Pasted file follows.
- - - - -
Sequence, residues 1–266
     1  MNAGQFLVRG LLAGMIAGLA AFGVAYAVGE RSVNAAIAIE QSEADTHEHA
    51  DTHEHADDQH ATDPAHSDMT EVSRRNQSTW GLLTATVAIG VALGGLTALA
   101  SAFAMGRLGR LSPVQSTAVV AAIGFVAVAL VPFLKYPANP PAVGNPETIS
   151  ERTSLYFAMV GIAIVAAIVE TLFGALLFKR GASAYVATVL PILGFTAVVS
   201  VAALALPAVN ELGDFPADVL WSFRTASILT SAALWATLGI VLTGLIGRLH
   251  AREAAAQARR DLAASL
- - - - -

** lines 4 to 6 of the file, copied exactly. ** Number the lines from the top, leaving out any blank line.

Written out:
   101  SAFAMGRLGR LSPVQSTAVV AAIGFVAVAL VPFLKYPANP PAVGNPETIS
   151  ERTSLYFAMV GIAIVAAIVE TLFGALLFKR GASAYVATVL PILGFTAVVS
   201  VAALALPAVN ELGDFPADVL WSFRTASILT SAALWATLGI VLTGLIGRLH